Maryland's school board will consider passing a regulation that would limit the time a school district can keep a student out of school waiting for a decision on the appeal of a suspension or expulsion. After a Fairfax County, Va., student committed suicide following a long suspension from school, the Maryland board asked state administrators to survey school systems for their policies. "It is clear what happened in Fairfax could happen in any district in Maryland," board member Kate Walsh said Tuesday after seeing the survey results.
FEATURES
By Michael Sragow and Michael Sragow,michael.sragow@baltsun.com | November 20, 2009
At the Baltimore premiere of "Precious," Jacqueline Robarge, the founder of Power Inside, a support group for women in jail or at risk outside, and Adam Rosenberg, executive director of Baltimore Child Abuse Center, declared that the domestic atrocities depicted in the film occur every day - and that facing them squarely provides hope as well as release. This movie proves them right. In the end, it's cathartic and exhilarating. Gabourey "Gabby" Sidibe is an emotional lodestone as Precious, an obese teenager whose life is filled with horror.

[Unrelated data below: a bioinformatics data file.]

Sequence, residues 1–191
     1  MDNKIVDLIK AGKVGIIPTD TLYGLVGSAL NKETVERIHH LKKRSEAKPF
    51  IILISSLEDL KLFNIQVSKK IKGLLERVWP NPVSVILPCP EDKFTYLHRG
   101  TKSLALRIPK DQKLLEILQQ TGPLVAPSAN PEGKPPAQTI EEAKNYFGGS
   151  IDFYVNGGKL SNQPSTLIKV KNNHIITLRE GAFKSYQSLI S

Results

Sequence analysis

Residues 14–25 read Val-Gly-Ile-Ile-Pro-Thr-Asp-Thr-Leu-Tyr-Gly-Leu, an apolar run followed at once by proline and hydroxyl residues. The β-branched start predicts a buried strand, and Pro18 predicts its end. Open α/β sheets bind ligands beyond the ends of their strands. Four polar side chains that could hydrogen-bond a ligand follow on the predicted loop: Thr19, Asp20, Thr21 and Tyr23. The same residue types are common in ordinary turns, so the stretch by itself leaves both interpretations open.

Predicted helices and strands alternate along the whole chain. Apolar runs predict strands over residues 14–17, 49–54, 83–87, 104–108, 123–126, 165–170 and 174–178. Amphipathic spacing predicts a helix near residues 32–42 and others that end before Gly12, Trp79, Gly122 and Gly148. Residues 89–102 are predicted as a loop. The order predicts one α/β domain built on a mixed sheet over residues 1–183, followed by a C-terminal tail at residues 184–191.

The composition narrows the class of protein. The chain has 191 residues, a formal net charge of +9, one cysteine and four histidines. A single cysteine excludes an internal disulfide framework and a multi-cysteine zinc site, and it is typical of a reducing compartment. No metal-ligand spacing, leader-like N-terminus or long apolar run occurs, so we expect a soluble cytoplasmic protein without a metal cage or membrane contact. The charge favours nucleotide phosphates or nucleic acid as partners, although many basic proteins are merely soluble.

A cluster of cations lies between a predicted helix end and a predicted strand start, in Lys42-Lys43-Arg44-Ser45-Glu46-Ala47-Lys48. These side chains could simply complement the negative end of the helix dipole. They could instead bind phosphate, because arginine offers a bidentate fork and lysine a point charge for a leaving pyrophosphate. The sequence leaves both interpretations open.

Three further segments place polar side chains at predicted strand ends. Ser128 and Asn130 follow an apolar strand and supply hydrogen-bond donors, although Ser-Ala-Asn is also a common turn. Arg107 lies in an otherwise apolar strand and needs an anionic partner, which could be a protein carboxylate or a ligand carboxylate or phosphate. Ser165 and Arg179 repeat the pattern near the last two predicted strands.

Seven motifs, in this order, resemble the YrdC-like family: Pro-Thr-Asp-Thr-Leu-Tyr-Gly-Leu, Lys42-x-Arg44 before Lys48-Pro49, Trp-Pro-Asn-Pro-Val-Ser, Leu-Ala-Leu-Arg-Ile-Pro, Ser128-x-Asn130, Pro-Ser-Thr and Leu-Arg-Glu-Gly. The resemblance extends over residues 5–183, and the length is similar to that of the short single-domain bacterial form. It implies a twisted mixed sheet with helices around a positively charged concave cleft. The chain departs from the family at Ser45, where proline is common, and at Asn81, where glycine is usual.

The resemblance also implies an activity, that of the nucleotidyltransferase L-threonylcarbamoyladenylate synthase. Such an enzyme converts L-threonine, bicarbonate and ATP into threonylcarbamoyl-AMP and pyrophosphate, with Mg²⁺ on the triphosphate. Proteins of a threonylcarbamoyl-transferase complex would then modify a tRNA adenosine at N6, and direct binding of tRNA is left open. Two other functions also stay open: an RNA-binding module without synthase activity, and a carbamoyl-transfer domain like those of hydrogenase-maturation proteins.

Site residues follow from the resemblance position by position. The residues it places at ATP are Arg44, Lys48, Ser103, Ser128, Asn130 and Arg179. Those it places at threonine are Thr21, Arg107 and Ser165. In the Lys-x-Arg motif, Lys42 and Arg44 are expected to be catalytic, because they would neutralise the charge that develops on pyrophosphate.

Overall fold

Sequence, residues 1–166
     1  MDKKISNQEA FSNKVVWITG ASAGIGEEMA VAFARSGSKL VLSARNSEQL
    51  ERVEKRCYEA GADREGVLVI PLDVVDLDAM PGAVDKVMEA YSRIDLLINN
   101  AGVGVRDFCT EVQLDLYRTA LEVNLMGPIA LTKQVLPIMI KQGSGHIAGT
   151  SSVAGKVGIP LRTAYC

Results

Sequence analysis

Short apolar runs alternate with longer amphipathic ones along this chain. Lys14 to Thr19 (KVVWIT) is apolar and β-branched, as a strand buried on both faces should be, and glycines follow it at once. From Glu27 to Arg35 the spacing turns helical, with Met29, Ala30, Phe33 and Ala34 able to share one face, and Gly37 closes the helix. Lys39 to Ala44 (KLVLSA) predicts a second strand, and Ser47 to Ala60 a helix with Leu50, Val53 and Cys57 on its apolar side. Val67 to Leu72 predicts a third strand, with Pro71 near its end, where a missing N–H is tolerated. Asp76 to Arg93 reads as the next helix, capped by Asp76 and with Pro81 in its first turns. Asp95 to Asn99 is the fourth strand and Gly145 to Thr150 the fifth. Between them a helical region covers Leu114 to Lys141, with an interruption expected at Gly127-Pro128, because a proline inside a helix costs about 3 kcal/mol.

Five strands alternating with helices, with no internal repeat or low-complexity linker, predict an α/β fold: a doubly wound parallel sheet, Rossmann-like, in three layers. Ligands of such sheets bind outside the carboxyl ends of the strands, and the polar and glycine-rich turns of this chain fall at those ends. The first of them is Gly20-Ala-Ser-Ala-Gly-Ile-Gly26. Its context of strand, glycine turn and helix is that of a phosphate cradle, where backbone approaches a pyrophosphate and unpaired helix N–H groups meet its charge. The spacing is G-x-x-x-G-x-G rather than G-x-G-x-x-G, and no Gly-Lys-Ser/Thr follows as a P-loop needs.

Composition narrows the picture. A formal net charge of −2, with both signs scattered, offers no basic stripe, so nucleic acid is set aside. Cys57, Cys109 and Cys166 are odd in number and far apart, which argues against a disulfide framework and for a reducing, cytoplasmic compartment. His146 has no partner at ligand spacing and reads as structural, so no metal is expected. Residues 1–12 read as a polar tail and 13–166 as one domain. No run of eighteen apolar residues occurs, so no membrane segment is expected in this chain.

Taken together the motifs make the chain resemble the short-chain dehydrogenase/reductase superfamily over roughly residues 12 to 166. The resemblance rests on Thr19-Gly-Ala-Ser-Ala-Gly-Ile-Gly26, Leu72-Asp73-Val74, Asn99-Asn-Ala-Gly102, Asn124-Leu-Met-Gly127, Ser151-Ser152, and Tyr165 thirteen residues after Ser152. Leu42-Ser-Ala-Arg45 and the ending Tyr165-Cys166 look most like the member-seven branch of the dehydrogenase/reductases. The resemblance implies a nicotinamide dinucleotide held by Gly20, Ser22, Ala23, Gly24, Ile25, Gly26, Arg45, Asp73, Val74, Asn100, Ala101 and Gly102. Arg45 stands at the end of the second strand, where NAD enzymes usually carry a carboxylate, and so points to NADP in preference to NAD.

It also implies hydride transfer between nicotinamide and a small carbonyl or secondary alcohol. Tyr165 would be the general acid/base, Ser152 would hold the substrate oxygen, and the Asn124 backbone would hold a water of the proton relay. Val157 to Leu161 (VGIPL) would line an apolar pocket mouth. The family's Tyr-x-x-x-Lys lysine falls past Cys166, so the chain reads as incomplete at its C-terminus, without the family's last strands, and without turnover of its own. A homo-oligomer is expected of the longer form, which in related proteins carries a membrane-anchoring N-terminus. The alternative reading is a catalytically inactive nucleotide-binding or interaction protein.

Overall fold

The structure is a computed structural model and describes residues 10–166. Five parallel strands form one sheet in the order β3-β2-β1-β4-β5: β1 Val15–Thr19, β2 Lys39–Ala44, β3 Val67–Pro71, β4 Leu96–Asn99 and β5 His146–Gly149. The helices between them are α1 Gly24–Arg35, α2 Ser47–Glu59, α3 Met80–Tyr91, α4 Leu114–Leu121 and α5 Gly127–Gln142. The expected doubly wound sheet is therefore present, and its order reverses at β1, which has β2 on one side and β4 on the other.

NEWS
By Jennifer McMenamin and Jennifer McMenamin,SUN STAFF | June 10, 2004